I might as well get up.
The last few nights I’ve awakened around 3 a.m., my thoughts flying to my friend who died suddenly on November 8 at 57 years old.
I recognize this, this peculiar alarm clock that rings in the deep night to remind me that something is wrong.
In the days after my mother died in 1999, and my Dad died this past January, I awakened with a racing heartbeat, momentarily panicked, feeling that there was something I should do. This is different.
I awoke with her face floating gently in front of me, smiling. My awareness grew to include the percussion of the long-awaited rain tapping lightly and steadily in the metal gutter just outside my bedroom window. Rain reminds me of home.
In my adolescence in Tacoma, rain was often the last sound I heard before dropping into dreams and the first when I awakened. It surrounded me, drops splashing on the rear concrete patio to my left and rivulets sluicing off the sloped path behind me at window height, inches from my headboard. Periodically the white noise of the mammoth furnace would overtake it, but even that was a comforting sound. Above me, I heard the occasional creak of my father’s bedsprings as he adjusted his position in sleep.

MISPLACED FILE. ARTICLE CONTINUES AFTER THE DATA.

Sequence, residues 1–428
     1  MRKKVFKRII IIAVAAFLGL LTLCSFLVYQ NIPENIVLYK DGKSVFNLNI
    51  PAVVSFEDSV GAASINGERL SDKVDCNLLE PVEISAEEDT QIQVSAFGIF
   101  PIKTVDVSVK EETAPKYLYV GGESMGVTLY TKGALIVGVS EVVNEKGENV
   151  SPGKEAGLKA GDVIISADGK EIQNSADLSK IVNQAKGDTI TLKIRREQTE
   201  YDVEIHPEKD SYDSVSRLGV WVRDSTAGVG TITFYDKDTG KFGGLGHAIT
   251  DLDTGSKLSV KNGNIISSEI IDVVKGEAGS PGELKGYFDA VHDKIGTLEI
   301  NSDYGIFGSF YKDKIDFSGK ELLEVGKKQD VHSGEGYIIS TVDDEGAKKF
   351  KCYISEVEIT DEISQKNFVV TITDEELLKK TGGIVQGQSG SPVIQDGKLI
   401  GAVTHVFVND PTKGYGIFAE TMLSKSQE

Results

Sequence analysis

The cat is concerned, padding over the papers on my desk to approach me at keyboard height, his tawny eyes observant. When I lean forward, he abrades my face with his rough tongue, scouring me with affection. I pick him up for the moment he will tolerate being cradled in my arms, and he purrs. For him to turn on his motor is a rarity, a sign of affection he seldom confers.
I don’t know what I’m doing up either. I know if I post this that friends will worry how I’m handling my friend’s loss, but to awaken and think of her is not a sign of distress. It’s more like communing with someone dear, someone worth missing.
Here comes the rain again. Shakespeare springs to mind,
“The quality of mercy is not strained./It droppeth as the gentle rain from heaven/ Upon the place beneath. It is twice blessed:/ It blesseth him that gives and him that takes.”